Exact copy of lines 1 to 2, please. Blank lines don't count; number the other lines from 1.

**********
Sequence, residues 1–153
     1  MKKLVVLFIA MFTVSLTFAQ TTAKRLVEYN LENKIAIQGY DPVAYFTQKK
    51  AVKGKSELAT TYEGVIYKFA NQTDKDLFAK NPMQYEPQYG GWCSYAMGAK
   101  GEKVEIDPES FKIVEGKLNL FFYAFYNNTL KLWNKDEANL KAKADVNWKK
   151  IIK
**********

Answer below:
Sequence, residues 1–153
     1  MKKLVVLFIA MFTVSLTFAQ TTAKRLVEYN LENKIAIQGY DPVAYFTQKK